Gomez had turned pro in 1939 and was ducked by many of the contenders of his time due to his fierce knockout power. In fact, he was named to the Ring magazine list of the100 Greatest Punchers. He is number 72; Satterfield is number 58.

But there was something else that endeared Tampa Tommy to the fans in those days. Like many other fighters of the late 1940s and early 1950s (including Satterfield), he was a World War II veteran, but in Tommy’s case he was more. He was a Purple Heart recipient who had been wounded 16 times in Germany. Tommy Gomez was one tough hombre.

The Excitement

What made Satterfield so exciting and a great fan favorite was that he would try to lure his opponents into punch-outs in which he would begin winging and then move inside, closing the gap and shortening up on his punches. However, he was not overly strategic and seldom had a contingency plan. This was dangerous, as he would tire badly if the fight went into the late rounds. Never known for great durability, he nevertheless had the “baddest” of intentions. He either got you, or you got him. Being hit by Satterfield was once reportedly described as being struck by electricity. His fights bring to mind the excitement generated by Danny “Little Red” Lopez, Julian “the Hawk” Jackson, Jaime Garza, John “The Beast” Mugabi, Gerald McClellan, and Felix “Tito” Trinidad. Arguably, if he were fighting today, it would be sweet dreams for many of the smaller heavyweights out there—and God forbid if he fought as a cruiserweight.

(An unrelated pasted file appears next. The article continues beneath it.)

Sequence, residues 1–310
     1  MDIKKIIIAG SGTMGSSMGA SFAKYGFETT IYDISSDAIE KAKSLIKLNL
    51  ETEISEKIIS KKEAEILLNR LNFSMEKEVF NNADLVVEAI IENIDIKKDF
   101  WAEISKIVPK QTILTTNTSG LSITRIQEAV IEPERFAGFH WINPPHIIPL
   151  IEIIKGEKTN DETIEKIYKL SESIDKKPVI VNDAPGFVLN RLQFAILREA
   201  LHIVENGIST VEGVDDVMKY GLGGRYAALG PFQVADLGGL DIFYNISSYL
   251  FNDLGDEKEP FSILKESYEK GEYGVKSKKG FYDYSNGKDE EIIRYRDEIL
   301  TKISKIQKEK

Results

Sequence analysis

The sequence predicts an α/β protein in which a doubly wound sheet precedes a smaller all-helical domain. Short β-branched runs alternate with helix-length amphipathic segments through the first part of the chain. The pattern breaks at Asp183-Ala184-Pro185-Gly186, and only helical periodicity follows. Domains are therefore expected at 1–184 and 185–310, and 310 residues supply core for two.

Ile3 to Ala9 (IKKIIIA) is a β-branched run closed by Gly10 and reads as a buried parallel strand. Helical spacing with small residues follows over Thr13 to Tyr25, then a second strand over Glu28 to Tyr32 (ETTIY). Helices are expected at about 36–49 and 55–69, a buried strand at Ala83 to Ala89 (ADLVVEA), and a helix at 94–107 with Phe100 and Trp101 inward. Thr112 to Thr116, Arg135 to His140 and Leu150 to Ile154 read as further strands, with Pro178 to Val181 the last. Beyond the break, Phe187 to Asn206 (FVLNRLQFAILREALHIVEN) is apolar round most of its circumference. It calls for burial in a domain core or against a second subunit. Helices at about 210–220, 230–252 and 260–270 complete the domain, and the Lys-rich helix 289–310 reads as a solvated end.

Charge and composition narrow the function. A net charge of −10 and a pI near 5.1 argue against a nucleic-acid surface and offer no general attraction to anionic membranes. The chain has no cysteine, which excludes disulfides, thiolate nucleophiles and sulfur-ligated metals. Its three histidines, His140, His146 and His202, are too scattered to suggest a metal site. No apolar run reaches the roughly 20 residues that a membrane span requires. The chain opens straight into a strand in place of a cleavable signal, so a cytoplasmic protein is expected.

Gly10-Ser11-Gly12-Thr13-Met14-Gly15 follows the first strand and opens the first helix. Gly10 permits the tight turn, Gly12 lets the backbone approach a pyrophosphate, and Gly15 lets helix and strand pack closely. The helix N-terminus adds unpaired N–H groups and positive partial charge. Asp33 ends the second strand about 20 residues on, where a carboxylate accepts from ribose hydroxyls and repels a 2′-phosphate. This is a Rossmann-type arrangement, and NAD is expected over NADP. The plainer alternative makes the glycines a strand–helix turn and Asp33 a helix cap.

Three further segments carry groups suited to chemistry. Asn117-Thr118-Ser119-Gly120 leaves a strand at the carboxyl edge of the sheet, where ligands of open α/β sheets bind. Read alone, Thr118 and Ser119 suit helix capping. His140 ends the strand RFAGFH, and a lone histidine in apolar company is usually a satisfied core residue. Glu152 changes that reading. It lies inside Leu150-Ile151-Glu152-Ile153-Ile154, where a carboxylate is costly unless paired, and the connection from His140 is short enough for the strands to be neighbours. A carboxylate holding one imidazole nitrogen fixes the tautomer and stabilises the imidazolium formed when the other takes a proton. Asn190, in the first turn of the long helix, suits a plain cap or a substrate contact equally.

As a testament to Satterfield’s great appeal, virtually all of his fights were held in well-known venues, places like the Chicago Stadium, the Chicago Coliseum, the Miami Beach Auditorium, St. Nicholas Arena, Madison Square Garden, the International Amphitheater, Comiskey Park, the Buffalo Memorial Auditorium, Oakland Auditorium, and the New Frontier Sportsdrome in Las Vegas. See: